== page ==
But nobody else was saying it—or at least no one in the television news business. Over at Fox News, the war is apparently considered an issue for elitist snobs. Or so says my old friend John Gibson, mocking Anderson Cooper’s criticism of the media’s over-coverage of Anna Nicole: “Oh, there’s a war on, there’s a war on. Maybe, just maybe, people are a little weary, Mr. Cooper, of your war coverage, and they’d like a little something else. Maybe that’s why they all thundered to this story.” that Gibson referenced Anna Nicole than Iraq during his show, and that he featured stories about her for 19 straight days after her death.

Gibson knows of what he speaks. According to an Anna Nicole Smith News edged out “events in Iraq” across the entire spectrum of media and positively murdered it on Cable TV.

Still, a People and Us Weekly driven cable media is not exactly news. More depressing is when the fancy-pants press dives down into the same gutter and acts as if it is the important stuff. That’s what happened when Maureen Dowd got Hollywood mogul David Geffen to in anticipation of a fundraiser he was giving for Sen. Barack Obama’s campaign. As Mark Jurkowitz of Project for Excellence in Journalism noted, “The press played on the dynamics of story lines it had already laid down—was Hillary going to be too tough? Was Obama ready for the big time?”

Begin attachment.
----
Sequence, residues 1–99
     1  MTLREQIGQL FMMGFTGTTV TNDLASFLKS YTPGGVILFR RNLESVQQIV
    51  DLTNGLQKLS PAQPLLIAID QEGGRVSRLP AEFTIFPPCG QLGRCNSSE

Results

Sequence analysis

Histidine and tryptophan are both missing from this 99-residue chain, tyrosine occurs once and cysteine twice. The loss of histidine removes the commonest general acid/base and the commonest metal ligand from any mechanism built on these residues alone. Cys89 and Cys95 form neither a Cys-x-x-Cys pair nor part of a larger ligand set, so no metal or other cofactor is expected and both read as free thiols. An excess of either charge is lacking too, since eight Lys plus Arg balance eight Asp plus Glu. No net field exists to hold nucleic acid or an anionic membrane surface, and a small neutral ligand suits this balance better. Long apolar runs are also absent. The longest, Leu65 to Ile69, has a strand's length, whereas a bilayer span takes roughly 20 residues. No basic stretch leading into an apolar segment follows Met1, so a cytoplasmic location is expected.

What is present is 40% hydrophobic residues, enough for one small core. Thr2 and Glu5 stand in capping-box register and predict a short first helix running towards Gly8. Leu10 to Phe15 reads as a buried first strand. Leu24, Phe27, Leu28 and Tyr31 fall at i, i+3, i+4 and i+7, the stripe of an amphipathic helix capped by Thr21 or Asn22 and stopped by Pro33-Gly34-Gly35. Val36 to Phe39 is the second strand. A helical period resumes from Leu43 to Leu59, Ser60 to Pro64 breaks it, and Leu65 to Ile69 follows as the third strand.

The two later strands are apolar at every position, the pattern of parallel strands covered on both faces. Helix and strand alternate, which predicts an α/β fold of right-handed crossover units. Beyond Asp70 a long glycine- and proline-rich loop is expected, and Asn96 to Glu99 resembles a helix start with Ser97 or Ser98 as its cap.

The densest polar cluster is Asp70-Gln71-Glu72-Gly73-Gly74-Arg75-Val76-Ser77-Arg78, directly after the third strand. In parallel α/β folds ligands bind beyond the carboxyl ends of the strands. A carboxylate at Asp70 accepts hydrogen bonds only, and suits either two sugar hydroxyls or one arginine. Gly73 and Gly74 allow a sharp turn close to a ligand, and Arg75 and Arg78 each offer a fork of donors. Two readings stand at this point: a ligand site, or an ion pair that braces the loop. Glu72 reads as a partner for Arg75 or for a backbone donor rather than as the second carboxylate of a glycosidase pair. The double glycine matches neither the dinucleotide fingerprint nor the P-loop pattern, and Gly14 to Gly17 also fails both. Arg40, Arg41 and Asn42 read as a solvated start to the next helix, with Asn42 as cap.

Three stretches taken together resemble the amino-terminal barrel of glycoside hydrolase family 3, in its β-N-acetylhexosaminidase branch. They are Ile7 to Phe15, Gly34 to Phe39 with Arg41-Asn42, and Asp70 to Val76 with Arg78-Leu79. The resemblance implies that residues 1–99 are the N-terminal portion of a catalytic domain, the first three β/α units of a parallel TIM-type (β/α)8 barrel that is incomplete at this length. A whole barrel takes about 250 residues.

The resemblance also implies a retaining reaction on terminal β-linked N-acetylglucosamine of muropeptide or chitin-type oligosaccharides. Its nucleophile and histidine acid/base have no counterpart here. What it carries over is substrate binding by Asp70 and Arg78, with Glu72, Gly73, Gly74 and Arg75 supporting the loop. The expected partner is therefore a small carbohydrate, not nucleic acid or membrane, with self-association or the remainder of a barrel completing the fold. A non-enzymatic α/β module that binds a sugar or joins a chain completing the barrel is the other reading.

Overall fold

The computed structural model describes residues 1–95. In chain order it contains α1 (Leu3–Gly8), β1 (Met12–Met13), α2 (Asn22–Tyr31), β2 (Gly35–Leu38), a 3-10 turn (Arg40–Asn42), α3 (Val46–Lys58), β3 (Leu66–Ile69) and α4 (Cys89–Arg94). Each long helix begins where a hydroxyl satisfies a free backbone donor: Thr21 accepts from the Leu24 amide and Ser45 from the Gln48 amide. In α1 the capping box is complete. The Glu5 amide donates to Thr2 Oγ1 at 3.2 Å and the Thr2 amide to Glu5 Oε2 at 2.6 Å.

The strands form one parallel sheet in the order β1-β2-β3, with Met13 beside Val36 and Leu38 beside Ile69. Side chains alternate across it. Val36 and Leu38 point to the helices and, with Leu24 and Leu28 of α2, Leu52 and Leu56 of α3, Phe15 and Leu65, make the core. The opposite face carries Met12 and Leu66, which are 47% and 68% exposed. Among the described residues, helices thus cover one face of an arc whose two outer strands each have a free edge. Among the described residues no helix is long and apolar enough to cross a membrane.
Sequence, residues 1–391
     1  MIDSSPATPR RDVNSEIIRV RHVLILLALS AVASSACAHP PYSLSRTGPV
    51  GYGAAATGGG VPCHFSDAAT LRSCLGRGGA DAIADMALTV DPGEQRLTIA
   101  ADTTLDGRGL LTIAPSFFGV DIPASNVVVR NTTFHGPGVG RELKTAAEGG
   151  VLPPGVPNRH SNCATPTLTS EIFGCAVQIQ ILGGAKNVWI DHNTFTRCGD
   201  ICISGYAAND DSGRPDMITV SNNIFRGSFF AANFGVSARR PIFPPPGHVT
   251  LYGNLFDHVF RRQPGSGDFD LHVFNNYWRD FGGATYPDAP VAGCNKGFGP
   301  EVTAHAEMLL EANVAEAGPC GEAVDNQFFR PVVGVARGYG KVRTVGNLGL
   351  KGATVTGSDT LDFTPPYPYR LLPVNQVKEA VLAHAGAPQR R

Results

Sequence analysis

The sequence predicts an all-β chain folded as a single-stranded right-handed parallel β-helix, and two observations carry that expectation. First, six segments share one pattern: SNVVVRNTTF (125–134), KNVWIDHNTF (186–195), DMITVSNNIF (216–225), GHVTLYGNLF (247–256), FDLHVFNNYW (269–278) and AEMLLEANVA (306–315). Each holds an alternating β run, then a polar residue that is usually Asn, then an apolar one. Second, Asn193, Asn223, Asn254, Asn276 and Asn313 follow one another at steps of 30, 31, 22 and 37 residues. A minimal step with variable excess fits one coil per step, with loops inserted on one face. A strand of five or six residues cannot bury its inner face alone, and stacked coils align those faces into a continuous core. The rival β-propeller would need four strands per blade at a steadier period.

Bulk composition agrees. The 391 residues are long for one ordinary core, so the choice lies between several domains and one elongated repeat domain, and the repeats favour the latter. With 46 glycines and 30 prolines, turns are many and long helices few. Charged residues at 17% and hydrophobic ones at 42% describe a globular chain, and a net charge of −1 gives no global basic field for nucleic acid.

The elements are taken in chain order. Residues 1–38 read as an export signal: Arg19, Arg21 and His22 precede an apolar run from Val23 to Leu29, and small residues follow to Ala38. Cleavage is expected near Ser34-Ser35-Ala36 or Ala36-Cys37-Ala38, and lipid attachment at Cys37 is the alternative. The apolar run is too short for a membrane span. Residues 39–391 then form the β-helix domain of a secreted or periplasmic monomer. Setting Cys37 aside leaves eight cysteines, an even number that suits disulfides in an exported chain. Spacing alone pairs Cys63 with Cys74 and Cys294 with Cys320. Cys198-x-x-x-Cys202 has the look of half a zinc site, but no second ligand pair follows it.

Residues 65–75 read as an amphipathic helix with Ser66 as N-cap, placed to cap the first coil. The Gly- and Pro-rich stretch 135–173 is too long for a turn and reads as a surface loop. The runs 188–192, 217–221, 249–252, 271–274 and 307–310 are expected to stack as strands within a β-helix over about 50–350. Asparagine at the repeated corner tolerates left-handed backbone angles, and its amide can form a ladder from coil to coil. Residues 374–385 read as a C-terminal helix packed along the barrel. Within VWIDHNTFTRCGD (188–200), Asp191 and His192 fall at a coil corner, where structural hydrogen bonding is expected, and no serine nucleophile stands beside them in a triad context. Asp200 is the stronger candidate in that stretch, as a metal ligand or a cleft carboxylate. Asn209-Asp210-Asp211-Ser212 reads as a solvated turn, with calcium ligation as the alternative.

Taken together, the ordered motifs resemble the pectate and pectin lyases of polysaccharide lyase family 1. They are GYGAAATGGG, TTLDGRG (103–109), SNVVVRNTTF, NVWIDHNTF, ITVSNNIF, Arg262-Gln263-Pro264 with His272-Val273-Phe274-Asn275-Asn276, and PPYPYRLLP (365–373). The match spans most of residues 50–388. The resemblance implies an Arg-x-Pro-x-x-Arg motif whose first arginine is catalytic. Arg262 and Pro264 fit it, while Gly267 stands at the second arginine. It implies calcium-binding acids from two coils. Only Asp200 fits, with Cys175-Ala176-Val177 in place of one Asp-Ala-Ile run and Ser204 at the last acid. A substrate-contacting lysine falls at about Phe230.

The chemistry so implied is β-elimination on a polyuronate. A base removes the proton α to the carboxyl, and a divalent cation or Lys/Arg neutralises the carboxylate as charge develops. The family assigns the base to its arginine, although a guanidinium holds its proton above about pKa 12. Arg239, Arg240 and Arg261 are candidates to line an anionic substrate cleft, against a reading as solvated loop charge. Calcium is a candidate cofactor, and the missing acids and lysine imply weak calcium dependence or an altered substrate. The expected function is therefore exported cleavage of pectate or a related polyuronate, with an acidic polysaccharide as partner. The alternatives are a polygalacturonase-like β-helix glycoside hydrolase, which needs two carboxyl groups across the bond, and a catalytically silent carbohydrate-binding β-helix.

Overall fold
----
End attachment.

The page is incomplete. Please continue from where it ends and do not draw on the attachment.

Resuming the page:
The Geffen-gate was annoying on many levels simultaneously, not least of which was that, despite the enormous attention it engendered, it was based on an entirely false premise. David Geffen held a fundraiser for Barack Obama and agreed to give an interview to Dowd, where he apparently spoke candidly in response to her questions about his feelings about the Clintons. Yet the entire press pack treated these comments as if they had come from the “Obama camp.” And if you think that because Obama’s getting a fundraiser from one of the half-dozen most powerful men in Hollywood, that means he gets to tell him what to say and do about anything, you understand nothing whatsoever about politics and power. Everyone who either covered or attempted to exploit this story should have understood this, and if they genuinely did not, then their judgment can’t really be trusted on anything much having to do with politics.

But leave the “truthiness” of the story aside, and look at the cost of focusing on this nonsense. As in The Washington Post, “Oh, but health care is so boring compared with a Hollywood big shot who drops hints about Bill Clinton’s love life. Yeah? Tell that to the family of someone who died of cancer because she had no insurance and couldn’t afford a screening test.”

What else wasn’t covered last week in between Brittney’s thighs, Anna-Nicole’s boobs, and David Geffen’s canapés on thin wafers? Let’s take 10 examples of stories that are unarguably more important to the future of the republic—and to virtually all Americans’ lives—than the cotton-candied crapola that dominated news coverage:

And now back to your regularly scheduled broadcast....This just in: Anna Nicole Smith is...still dead.


March 2, 2007 - 7:24am